Cold email is much more than just a tool for salespeople.You can use it to meet people you admire, raise money for a charity, or even turn a message into a ticket for an exclusive party.
You can also get a new job and even change your career path. While you shouldn’t expect a response that immediately includes an interview slot, a well-written cold email sent to the right person can give you a huge advantage over those still sending resumes through job boards. Why? Because, having done your research and selected the most relevant contact, you’re not one faceless application among hundreds of others going to human resources.
Of course, your email has to be good enough to stand out in a crowded inbox. In fact, many of the rules that apply to sales emails are just as relevant when it comes to looking for work. With that in mind, here are three things to remember and do when using cold email to find a new job or career.
1. Find the right person to contact.
A thoughtful message that paints you in your best light is useless if it goes to the wrong person. For example, emailing the Operations Manager will not help if you're after a job in marketing. It sounds obvious, but there are tons of people out there who will blast an email to multiple contacts at one company, thinking the more emails they send, the greater their chances of success. Instead, pick the most relevant person at the company and concentrate on writing an email they'll find enticing.
To do that, conduct thorough research. Gather essential details (title, size of company, job description) on LinkedIn or the company's website. Check to see if past colleagues or classmates have ever done work with this company; they might be able to introduce you. Look for recent news, awards, or published works from your contact. Referencing such things is often an effective way to open the email.
Thorough research has another advantage, too: it teaches you more about the company's business. When it comes time for the interview and someone asks you to articulate what you think the company does, you won't have to think hard to find an answer. Same goes for those making a full-on career shift—you'll learn way more about your new industry researching companies and contacts than you will reading about them on some job board.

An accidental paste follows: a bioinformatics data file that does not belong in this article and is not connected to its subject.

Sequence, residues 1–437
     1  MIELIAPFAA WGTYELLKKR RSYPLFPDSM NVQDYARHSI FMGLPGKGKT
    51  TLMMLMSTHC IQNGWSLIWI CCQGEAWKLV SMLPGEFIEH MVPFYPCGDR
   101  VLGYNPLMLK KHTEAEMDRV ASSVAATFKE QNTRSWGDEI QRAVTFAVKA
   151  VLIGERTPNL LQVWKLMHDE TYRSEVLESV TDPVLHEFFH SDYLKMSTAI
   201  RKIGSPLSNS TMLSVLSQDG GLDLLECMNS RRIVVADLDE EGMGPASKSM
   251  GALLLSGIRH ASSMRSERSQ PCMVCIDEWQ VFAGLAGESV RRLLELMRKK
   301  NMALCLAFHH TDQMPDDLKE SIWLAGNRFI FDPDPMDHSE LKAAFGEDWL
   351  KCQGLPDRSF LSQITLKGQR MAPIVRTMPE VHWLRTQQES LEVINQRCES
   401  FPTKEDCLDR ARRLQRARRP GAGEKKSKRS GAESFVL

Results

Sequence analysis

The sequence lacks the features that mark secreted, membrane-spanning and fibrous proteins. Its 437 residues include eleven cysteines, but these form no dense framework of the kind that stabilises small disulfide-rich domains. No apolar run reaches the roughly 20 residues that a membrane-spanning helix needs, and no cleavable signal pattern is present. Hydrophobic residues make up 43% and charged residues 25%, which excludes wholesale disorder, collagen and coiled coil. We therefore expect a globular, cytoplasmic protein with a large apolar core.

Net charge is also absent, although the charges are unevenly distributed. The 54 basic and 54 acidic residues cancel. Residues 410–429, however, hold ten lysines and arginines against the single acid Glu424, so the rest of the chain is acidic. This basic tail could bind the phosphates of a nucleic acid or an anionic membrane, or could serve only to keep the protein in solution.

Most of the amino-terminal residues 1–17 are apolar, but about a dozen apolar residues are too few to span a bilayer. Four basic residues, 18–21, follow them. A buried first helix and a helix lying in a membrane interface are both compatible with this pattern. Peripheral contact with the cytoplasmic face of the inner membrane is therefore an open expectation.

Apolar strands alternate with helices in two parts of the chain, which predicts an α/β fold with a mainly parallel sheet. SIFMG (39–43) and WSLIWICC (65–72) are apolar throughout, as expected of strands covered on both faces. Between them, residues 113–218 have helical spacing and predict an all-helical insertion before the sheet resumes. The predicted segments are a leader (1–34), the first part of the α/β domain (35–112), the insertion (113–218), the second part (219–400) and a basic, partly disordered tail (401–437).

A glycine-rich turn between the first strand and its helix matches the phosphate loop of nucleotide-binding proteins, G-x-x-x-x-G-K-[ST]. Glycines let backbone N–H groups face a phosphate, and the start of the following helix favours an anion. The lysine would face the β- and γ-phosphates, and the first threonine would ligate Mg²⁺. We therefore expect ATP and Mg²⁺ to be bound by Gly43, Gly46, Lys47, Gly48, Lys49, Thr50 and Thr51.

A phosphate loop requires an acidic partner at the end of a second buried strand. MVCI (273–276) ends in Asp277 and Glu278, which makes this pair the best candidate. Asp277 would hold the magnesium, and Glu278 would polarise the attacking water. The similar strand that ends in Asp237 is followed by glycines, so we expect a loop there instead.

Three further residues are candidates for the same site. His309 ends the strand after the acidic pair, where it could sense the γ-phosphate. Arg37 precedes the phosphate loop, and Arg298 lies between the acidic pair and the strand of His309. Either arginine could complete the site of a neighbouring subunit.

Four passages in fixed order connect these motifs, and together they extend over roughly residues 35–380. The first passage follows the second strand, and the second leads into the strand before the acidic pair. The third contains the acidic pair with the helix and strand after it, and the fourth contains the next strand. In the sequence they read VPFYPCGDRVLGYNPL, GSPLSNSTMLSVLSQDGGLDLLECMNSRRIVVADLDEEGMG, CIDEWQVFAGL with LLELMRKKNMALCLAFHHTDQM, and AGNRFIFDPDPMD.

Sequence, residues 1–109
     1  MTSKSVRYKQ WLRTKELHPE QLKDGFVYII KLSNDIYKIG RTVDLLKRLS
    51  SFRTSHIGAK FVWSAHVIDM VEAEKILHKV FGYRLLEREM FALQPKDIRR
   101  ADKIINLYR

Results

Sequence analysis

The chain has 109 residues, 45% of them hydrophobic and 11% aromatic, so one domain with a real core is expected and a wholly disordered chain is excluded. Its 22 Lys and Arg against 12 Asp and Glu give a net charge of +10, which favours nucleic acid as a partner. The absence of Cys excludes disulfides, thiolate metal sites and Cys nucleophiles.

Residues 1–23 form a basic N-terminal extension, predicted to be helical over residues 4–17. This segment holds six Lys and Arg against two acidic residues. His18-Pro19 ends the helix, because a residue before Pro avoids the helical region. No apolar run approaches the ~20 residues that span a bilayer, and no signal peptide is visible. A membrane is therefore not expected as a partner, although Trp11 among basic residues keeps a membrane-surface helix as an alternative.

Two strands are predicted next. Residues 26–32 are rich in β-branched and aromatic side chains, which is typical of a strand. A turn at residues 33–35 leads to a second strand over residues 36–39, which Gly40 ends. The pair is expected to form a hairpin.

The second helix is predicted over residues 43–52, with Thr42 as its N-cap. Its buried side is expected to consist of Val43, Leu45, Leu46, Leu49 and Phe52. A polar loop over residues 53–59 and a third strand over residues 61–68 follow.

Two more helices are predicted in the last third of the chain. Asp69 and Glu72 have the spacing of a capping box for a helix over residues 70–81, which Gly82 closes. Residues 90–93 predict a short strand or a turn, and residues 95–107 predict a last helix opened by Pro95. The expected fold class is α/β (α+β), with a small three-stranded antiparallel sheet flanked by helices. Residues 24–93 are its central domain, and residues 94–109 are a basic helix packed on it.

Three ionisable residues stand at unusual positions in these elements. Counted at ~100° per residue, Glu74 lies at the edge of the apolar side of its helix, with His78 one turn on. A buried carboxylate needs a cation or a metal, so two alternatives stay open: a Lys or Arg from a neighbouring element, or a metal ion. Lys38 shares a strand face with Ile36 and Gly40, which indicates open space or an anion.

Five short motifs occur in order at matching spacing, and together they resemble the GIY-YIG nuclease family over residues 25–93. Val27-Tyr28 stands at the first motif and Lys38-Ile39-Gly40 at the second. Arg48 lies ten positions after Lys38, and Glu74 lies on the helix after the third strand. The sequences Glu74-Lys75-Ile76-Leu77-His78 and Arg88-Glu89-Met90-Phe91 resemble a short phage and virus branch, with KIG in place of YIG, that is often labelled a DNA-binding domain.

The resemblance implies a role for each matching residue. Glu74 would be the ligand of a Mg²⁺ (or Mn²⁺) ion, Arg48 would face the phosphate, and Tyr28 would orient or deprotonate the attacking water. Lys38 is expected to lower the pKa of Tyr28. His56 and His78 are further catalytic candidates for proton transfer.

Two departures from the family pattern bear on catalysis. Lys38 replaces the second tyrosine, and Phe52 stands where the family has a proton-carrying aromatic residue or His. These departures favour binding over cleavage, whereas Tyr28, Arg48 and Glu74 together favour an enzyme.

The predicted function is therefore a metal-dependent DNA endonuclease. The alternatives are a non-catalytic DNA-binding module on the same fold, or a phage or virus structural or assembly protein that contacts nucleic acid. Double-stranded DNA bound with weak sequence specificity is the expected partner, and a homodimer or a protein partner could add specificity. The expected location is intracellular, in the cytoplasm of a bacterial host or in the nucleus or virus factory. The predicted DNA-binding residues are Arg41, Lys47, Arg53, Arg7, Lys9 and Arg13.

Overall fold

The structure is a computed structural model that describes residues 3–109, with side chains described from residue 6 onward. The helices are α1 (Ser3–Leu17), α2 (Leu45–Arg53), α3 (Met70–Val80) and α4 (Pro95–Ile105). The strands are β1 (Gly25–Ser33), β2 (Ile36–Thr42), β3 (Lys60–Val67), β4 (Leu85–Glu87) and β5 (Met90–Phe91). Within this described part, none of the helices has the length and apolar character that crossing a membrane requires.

2. Keep it short, simple, and small.
Cold emails are not cover letters. You may be asked to eventually submit a cover-letter-like document, but for this initial introduction, follow the general rule of cold email and keep it short: three to five sentences, max. Unlike a human resources department, your contact will not necessarily be expecting an email about potential employment. So if your message is a wall of text outlining your many skills or how you grew that one website's traffic to over 2 million visitors per month, the recipient's eyes will glaze over, so to speak.
The easiest way to make sure that doesn't happen is to keep your ask small. Don't just say, "I'm interested in any job openings you have in marketing. When can we discuss this?" Don't even say you'd like to meet up to talk about potential employment. Instead, ask to meet up for coffee so you can learn more about the company and what it does.
Similarly, if you see a problem you're able to fix, explain how you can help. A friend of mine got his current job when one of his favorite news sites went down. He sent a cold email to the Information Technology Manager to say he knew how to retrieve the site and get it back up; the company offered him a job about a week later.
For those changing careers, the ask is simple: just say you're considering a change to that person's industry and would love to hear their take on it.
3. Don't hesitate to send a follow-up if you don't hear back.
There's nothing wrong with sending a follow-up email if your contact has not yet responded. While I don't recommend a full eight-touch campaign, some gentle persistence can work in your favor. Maybe the contact was on a deadline when you sent the first email, and meant to respond but never did. Perhaps they're testing you by not responding, to see if you have the ambition and commitment to keep asking. Along the same lines, someone may be waiting for a follow-up to make sure your first message wasn't just a mass mailing to as many companies as you could find.
Don't spend too much energy wondering why the person has yet to respond, though. If, after a follow-up or two, there's still no response, move on. Part of persistence in finding a new job is knowing when to shift your focus to another potential employer—one who may have an even more promising opportunity waiting for someone like you.
What email tricks do you have when it comes to searching for and finding new employment? I'd love to hear about them in the comments.
For more advice on cold email, sales and marketing, check out the Salesfolk Blog. You can also follow me on Twitter or connect with me on LinkedIn to ask me questions.
Heather R. Morgan is an economist and the founder of Salesfolk, which has helped over 500 companies revitalize their sales prospecting strategies. Having written 10,000-plus cold emails in the past decade, Morgan has developed a new process for crafting mass email templates that still feel personal, combining copywriting best practices and game theory. Her cold emails see at least three times more responses than the industry average. The author is a Forbes contributor. The opinions expressed are those of the writer.